Ontario defers enforcement of new SPIF axle controls

by By John G. Smith

Ontario’s SPIF configurations make use of self-steering lift axles. (Wheel Monitor photo)

OTTAWA, Ont. – The Ontario Ministry of Transportation will defer the enforcement of new rules that govern the emergency controls for self-steering lift axles in what’s known as a SPIF configuration.

Regulatory changes introduced last July will allow an in-cab switch to lift self-steering axles in emergency situations, when working with Safe, Productive, Infrastructure-Friendly (SPIF) trucks or tractors. But the vehicle option requires an independent switch that also activates the four-way flashers at the same time.

The news came today through a letter to the Canadian Transportation Equipment Association (CTEA).

“Original Equipment Manufacturers [OEMs] have only recently expressed that meeting the provisions of the regulatory conditions is possible, but would require about one year to plan, engineer and implement a proper technical solution,” writes Ian Freeman, director of the ministry’s carrier safety and enforcement branch.

“In response to the manufacturers’ difficulties, the ministry will defer enforcement of the regulations governing the in-cab emergency override controls until Nov. 1, 2020.  This will give the time required for manufacturers to produce and pilot beta technology to a more workable solution that meets the needs of both road safety standards and the regulatory regime.”

The switch is meant to offer drivers extra traction when it’s needed at relatively low speeds.

The axle will need to lift as soon as the switch is activated, and the override must be limited to speeds of less than 60 km/h. And the controls must be limited to the forward self-steering axle on a semi-trailer, while in the case of a truck they can control a self-steering axle or forced-steer auxiliary pusher axle. The self-steering axle must fully deploy as soon as a truck stops, when tractor power is turned off, or within three minutes of the switch itself being activated.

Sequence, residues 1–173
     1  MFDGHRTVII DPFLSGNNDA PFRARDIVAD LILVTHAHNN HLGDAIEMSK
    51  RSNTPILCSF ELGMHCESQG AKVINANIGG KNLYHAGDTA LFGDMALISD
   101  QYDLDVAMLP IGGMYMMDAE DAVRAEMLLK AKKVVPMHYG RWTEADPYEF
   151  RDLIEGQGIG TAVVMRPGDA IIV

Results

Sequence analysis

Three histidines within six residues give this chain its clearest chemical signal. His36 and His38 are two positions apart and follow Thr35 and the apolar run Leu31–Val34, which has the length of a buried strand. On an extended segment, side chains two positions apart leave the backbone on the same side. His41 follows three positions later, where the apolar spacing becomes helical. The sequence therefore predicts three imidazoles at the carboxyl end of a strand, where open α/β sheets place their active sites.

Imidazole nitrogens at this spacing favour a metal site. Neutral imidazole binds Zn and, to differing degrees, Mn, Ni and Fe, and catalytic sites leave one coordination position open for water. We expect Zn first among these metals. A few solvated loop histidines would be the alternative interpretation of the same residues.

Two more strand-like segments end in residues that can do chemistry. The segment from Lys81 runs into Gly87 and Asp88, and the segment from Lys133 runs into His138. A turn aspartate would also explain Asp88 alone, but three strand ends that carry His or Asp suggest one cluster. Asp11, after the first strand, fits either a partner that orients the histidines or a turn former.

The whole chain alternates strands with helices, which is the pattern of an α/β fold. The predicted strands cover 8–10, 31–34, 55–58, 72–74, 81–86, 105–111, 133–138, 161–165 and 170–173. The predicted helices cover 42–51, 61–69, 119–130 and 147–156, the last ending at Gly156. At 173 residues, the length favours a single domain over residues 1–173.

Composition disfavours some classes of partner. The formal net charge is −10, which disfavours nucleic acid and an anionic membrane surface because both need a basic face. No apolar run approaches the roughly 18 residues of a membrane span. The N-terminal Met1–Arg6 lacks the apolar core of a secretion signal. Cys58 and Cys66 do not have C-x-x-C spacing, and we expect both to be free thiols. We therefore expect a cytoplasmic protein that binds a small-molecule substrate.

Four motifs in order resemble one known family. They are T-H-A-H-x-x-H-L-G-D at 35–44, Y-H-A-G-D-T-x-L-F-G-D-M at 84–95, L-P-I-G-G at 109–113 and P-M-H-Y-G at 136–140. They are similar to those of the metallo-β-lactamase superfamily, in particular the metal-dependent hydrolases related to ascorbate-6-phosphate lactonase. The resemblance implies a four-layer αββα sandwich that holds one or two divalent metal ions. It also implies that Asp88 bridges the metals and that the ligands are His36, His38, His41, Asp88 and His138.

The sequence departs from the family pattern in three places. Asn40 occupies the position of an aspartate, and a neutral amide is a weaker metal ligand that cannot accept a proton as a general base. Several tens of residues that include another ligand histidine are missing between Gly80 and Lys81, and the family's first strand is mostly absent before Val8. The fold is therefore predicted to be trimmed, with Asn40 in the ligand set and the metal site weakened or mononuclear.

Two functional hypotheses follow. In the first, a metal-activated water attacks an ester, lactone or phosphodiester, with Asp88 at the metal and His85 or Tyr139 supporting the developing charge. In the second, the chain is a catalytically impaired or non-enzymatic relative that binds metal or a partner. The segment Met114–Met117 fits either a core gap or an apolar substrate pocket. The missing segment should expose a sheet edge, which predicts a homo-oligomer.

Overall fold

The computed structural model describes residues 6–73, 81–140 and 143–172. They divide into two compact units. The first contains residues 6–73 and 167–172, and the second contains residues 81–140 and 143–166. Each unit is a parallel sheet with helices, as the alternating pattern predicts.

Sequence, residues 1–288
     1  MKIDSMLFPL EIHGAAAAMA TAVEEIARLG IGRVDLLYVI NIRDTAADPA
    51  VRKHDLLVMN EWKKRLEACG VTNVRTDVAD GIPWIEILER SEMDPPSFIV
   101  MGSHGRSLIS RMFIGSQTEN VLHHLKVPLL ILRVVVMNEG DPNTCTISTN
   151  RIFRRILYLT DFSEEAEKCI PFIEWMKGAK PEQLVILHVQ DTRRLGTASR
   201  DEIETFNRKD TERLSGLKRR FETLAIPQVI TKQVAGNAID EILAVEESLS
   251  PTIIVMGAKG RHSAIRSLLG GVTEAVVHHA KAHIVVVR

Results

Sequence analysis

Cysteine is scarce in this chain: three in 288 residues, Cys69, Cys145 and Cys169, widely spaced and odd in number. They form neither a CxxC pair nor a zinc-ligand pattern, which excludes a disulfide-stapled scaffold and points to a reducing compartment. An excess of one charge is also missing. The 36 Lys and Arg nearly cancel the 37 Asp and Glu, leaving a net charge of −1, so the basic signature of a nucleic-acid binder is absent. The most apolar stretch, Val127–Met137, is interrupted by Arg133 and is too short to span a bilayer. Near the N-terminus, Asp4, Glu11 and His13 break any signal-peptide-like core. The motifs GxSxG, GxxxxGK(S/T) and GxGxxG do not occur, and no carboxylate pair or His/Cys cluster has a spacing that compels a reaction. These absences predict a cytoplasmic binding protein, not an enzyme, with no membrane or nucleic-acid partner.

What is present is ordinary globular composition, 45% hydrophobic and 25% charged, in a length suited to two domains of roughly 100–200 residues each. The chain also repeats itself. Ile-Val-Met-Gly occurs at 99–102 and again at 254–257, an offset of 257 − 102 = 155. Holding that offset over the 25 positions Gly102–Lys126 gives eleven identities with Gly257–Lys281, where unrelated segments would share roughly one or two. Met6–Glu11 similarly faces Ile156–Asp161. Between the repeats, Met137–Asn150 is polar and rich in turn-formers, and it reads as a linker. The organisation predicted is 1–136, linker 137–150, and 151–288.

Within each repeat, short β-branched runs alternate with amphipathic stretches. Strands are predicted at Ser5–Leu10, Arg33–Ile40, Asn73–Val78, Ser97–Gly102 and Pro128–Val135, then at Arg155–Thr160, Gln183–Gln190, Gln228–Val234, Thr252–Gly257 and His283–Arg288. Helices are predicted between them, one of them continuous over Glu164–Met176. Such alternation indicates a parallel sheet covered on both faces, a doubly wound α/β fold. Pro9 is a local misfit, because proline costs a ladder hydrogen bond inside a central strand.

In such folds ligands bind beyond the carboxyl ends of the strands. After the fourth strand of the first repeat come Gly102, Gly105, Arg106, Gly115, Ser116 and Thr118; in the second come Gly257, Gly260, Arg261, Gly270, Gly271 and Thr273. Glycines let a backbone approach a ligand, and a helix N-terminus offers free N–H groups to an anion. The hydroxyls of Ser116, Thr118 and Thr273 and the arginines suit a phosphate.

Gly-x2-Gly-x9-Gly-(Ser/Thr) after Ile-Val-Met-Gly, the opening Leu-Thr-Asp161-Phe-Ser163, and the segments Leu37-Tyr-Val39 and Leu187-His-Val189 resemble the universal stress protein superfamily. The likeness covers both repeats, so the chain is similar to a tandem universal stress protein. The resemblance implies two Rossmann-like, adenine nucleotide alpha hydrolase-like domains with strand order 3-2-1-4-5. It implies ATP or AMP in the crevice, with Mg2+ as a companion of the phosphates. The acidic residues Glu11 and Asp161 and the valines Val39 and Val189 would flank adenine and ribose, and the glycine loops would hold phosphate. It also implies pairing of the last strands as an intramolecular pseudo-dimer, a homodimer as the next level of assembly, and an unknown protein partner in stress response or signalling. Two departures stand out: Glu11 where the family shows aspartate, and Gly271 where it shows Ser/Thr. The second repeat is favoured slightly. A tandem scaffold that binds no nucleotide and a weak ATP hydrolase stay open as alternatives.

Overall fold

“The switch configuration is a major issue because of the digital nature of dashes now. It’s not just taking a wire and jumping the wires,” said Jeremy Harrower, manager of technical programs for the CTEA, during a recent presentation on the topic. The same challenge applies when it comes to the controls for liftable auxiliary axles in heavy applications.

The association has been working with the Society of Automotive Engineers to establish a solution.

The current cab control allowance as described in SPIF Regulation 413/05 Section 5(2)(b) will be allowed until Nov. 1, 2020, when the new emergency control identified in Section 5(2)(c) will be enforced, says Don Moore, a CTEA spokesman.


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  • Perfect example of the government mandating stuff they know ZERO about. I’m on my second SPIF straight truck and they DO NOT STEER in winter.
    Curves on the highway yes, but 90* corners at intersections in the city from a dead stop, no way.
    And when you are about to sideswipe a lineup of cars at an intersection do you really have time to cycle the 4-way flashers on 3 or 4 seconds, off then back on??? LOL